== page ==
Reviews are Written by Sociopaths or Restaurant Owners
There’s a strange phenomenon my wife and I noticed in DC. People are fanatically attached to their neighborhood restaurants, dives, bars, and clubs, never venturing out more than a few staggerable blocks from their homes when they go out in the evening. We lived on Capitol Hill for years, and we’re just as guilty of this as anyone else. The Hawk-n-Dove was usually as far as we got, unless the Belgian beer and moules frites drew us as far as Barrack’s Row. We knew all the great places on the Hill, and we wanted to share them with everyone. But if we ever asked our friends in Mount Pleasant to meet us for dinner on the Hill, they always had excuses and complaints, such as “that’s so far away” and “is there a metro there?” and “what city is that in again?”
To be honest, we did the same thing when they asked us to dinner in Adams Morgan; but, let’s be honest: Adams Morgan IS far away from the Hill, and there isn’t a Metro there (no matter what the signs at the Woodley Park station say). So our excuses were legitimate. Or, maybe we’re all just lazy. But the point is, when my wife and I recently moved to U Street, we didn’t know the neighborhood’s culinary scene very well. Except for our pilgrimages to Ben’s Chili Bowl and our required quarterly visits to Adams Morgan to reinforce our belief that Adams Morgan is far away and has no metro, we knew almost nothing about U Street.
So I turned to the Washington Post’s restaurant reviews to check out which were the best places. At first glance, it seemed like a good idea to read the “Reader Reviews”. Surely, they’d be honest and insightful, written by discerning diners like myself. My strategy was democratic: the more people that liked it, the better the restaurant. Right?
But like many other things in DC, this bastion of democracy, it ain’t so simple. I discovered that the reviews are written by one of two kinds of people: restaurant owners or sociopaths. And usually, those were the only two reviews. It goes like this: the owner of the establishment writes a glowing review of his own place that sounds as if it were cut and pasted from advertising copy. This prompts a sociopath, for reasons known only to his (or her) addled brain, to write a review trashing the restaurant. The review is often filled with vitriolic rage at anyone who would dare to charge such high prices, utter disdain at the poor service, and an overall hatred, it seems, of the very idea of going out in public to share a meal with friends. A good example are the reviews for Simply Home. The review at the bottom is obviously the owner’s, and the middle one is from the sociopath.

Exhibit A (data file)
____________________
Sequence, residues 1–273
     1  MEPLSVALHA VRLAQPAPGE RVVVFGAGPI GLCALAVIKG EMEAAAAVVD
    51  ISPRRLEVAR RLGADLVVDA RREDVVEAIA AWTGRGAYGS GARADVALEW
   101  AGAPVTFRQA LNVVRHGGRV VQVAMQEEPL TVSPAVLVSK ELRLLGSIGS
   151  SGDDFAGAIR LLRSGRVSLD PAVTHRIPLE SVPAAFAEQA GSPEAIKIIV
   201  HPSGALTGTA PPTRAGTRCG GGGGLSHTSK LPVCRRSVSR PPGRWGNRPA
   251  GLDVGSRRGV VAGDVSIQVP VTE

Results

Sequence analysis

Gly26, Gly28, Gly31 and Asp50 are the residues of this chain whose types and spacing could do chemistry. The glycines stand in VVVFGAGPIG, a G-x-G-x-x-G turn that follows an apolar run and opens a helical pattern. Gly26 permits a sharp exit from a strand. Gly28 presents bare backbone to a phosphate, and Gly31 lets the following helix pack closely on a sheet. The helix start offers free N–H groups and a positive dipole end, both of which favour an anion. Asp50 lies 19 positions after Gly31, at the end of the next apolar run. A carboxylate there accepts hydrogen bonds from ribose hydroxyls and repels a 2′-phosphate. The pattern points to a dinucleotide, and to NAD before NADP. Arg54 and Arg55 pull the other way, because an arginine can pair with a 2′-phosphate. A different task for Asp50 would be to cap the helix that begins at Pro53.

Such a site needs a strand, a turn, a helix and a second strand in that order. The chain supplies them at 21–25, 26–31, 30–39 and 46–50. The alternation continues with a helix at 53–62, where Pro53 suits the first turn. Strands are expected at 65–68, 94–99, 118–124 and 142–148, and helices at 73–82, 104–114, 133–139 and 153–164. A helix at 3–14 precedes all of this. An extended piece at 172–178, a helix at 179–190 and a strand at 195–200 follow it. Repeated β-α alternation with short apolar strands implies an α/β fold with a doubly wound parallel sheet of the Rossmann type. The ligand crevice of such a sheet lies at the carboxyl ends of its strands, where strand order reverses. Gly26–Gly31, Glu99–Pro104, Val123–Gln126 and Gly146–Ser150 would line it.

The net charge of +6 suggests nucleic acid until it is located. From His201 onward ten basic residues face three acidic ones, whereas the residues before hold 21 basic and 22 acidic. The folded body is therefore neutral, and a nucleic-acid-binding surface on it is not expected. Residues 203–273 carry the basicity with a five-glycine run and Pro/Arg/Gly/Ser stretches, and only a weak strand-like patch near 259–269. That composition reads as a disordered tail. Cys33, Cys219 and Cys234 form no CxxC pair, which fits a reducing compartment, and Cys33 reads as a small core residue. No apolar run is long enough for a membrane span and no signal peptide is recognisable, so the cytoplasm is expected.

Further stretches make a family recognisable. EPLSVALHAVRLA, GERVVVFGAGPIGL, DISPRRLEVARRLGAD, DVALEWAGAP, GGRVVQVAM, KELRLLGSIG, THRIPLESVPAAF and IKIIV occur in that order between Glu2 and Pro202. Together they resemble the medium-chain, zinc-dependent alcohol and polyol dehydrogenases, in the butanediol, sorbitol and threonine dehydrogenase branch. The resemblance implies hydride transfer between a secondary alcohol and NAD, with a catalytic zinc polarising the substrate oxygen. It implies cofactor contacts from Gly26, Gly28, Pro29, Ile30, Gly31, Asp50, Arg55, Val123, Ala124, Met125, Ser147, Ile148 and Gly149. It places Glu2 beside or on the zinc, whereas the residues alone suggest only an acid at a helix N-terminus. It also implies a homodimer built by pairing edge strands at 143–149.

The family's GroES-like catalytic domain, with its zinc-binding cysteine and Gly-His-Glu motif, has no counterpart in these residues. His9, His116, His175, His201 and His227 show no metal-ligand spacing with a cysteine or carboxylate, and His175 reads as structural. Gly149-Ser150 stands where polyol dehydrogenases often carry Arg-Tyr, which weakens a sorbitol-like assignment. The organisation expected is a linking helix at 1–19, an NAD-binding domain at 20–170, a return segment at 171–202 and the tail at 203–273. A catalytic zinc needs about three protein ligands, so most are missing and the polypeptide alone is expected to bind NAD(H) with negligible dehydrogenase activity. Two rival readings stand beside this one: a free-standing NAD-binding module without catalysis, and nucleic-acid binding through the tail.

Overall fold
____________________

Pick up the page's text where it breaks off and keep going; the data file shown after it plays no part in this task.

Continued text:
This is completely unhelpful. I can’t trust the owner of the restaurant to be fair, and while the old adage “just because I’m a sociopath doesn’t mean that I didn’t have a bad meal” may be true, I believe the sociopathic review rings true only for other sociopaths.
I didn’t know what to do. Bothering me more than my hunger and confusion was my sense of justice: these reviews ill-serve the very audience they are meant to help. So I decided to rectify the situation by writing my own review of the reviewer’s reviews (got that?), thinly veiled as a review of the restaurant. That’s right, the first review entitled “I’ve gotta try this place!” on the Simply Home page is mine. I figured two stars is good enough for a place I’ve never actually set foot in. I have to admit, my review is no more helpful than the other two reviews, but it sure does make the place seem like it is worth at least one visit. Keep an eye out for other reviews of reviews (or “meta-reviews,” as I fancy them, allowing me to believe I’m engaged in a broader epistemological discourse, as opposed to simple Arjewtino-like kvetching). I intend to right the wrongs of restaurant reviews everywhere, starting with the Washington Post.